One of America’s most distinguished diplomats warned Tuesday against giving military support to Syrian rebels and said the US should have better knowledge of who the fighters are before providing more than humanitarian aid.
Ryan Crocker, a former ambassador to six nations – Lebanon, Kuwait, Syria, Iraq, Pakistan and Afghanistan – told NPR’s Steve Inskeep at the annual dinner of the Middle East Institute in Washington, “Be careful what you get into… Who are these guys? What do they stand for? Who’s against them?”
Crocker, whose residence was besieged by a mob when he was ambassador to Syria in the late 1990s, suggested that the US lacks sufficient information about the opposition even after a conference in Qatar brought together various factions to form a new group, the National Coalition of Syrian Revolutionary and Opposition Forces.
“You have to be on the ground as we were in Libya, influencing and analyzing” the rebel forces, he said. “I’m not sure we have a clear address to pursue a policy of coordinated … assistance.”
“I would like to find more ways to get [US] diplomats into Syria,” Crocker said.
Crocker defended the two US military officers with whom he worked closely in Iraq and Afghanistan, respectively – David Petraeus, who stepped down last week as CIA director, and Gen. John Allen, commander of allied forces in Afghanistan. Both are embroiled in a scandal over emails to women and in Petraeus’s case, a secret affair with his biographer.
“There are no two finer men who have worn the uniform” of the United States, Crocker said.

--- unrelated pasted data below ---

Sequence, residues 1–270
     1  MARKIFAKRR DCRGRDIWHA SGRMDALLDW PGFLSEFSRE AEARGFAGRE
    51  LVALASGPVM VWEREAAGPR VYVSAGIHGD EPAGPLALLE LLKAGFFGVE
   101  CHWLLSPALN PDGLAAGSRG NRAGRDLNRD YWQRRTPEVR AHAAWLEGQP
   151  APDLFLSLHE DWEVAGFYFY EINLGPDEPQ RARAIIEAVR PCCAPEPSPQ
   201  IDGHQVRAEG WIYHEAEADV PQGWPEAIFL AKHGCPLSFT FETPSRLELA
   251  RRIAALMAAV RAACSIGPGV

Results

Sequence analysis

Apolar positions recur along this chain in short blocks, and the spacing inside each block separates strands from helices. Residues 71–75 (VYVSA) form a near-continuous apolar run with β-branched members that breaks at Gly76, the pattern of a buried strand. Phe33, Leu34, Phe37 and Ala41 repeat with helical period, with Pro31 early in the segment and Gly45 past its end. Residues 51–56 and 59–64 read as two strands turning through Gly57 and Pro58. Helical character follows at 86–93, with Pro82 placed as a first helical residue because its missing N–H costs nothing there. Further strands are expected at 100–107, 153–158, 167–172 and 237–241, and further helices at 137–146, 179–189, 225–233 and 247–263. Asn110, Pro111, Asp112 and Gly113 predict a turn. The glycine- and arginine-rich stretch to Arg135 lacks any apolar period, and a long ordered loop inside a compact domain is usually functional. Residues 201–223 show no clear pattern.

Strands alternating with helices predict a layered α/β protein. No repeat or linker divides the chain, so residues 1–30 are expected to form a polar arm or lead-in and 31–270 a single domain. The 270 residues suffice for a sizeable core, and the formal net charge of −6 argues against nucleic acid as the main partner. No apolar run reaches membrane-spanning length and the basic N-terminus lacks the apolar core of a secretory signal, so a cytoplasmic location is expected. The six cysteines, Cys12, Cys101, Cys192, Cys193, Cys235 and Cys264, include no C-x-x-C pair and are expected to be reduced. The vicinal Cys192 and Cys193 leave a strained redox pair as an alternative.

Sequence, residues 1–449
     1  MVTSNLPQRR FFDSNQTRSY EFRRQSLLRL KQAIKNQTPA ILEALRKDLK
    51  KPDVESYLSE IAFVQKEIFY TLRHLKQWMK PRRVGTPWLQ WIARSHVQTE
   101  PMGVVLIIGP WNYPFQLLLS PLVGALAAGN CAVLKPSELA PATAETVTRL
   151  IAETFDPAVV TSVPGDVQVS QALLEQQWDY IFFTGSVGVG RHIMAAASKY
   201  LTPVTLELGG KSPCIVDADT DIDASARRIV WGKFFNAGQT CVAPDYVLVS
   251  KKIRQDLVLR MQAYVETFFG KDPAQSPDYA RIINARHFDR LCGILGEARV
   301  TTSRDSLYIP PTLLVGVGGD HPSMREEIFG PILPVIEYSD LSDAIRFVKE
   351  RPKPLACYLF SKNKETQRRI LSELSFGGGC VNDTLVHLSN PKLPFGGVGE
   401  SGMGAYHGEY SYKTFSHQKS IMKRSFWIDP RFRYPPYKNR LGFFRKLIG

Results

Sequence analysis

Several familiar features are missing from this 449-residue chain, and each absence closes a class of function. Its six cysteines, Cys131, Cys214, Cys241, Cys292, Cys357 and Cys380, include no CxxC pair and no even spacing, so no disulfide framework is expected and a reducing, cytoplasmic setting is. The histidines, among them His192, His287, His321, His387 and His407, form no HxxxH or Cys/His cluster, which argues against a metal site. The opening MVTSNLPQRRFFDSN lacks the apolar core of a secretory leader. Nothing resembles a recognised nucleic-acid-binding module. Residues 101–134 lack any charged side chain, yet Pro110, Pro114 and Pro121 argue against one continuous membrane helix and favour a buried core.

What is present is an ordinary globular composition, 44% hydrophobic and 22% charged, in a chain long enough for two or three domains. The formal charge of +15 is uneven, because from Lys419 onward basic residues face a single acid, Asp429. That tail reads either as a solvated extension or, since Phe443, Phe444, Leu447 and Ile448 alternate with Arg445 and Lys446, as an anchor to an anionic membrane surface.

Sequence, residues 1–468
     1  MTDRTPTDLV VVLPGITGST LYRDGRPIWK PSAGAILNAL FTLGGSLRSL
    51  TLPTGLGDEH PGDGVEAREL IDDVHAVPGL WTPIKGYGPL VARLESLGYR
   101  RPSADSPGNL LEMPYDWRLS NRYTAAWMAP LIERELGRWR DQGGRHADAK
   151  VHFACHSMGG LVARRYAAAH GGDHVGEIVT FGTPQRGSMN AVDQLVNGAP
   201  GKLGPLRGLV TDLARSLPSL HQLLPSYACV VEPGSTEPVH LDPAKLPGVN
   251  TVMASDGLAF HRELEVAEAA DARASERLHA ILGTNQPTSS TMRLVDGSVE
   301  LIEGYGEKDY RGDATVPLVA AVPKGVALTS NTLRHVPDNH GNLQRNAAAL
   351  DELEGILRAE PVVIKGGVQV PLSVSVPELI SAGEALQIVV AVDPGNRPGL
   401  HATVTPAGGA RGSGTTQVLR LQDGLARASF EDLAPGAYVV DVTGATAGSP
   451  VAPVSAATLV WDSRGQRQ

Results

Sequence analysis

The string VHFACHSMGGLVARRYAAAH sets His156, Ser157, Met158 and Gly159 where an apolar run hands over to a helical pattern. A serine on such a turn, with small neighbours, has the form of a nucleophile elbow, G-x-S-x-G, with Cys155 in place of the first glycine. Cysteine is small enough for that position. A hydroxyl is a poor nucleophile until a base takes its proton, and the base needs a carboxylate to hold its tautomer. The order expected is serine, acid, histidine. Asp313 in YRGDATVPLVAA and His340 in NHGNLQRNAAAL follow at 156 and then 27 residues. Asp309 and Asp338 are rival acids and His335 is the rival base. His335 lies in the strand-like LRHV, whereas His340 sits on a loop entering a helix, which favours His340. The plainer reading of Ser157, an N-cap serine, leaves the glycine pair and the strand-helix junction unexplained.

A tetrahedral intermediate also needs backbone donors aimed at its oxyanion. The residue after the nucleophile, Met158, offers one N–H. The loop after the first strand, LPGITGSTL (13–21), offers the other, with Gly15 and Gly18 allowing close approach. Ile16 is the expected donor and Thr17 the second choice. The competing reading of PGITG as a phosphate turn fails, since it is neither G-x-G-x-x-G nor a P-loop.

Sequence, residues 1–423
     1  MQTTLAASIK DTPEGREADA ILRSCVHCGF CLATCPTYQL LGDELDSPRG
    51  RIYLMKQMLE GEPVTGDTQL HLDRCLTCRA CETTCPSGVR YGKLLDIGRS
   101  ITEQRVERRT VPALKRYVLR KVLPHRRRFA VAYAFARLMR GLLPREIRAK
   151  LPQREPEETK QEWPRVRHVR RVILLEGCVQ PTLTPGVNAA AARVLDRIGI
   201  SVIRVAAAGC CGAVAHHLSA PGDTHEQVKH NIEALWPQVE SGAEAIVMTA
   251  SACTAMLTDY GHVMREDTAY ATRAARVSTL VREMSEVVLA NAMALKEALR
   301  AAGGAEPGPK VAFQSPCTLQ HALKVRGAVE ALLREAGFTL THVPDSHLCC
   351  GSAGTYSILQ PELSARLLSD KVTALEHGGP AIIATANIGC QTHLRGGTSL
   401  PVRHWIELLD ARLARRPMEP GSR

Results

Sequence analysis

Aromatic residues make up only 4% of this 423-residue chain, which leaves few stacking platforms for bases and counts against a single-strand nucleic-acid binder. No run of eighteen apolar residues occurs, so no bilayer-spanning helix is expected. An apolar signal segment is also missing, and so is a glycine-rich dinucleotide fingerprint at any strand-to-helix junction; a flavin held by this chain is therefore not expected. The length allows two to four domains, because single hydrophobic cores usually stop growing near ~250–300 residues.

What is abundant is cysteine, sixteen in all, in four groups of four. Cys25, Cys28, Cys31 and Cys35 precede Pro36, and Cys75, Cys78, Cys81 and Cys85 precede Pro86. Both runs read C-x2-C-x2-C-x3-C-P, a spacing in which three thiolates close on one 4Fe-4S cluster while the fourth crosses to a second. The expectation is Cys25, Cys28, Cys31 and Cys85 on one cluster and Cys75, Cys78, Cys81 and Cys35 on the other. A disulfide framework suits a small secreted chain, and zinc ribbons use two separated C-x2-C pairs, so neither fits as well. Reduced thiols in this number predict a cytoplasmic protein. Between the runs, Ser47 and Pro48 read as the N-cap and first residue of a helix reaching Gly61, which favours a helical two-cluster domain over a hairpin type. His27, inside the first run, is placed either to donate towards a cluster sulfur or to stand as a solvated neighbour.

Crocker, who was serving in Lebanon in the 1980s when terrorists blew up the US embassy and a US Marine barracks, also defended the Obama administration against charges of negligence in protecting the US consulate in Benghazi, Libya, where ambassador Chris Stevens and three other Americans died on Sept. 11, 2012.
“He knew the risks,” Crocker said of Stevens. “He knew the importance of Benghazi.”
Noting that he had served in three countries where previous US ambassadors had been killed, Crocker said he hoped that the Benghazi tragedy would not lead the State Department to “retrench…We have to be prepared to go to difficult places… to influence [people] and affect their agenda,” Crocker said.
“Paris is a great place to change planes,” added Crocker, “to go to where it really counts.”
—Barbara Slavin is Washington correspondent for Al-Monitor and a senior fellow at the Atlantic Council, where she focuses on Iran. She tweets at @BarbaraSlavin1.
(Photo: U.S. Ambassador to Afghanistan Ryan Crocker speaks to journalists during a news conference in Kabul September 22, 2011. REUTERS/Adek Berry/Pool.)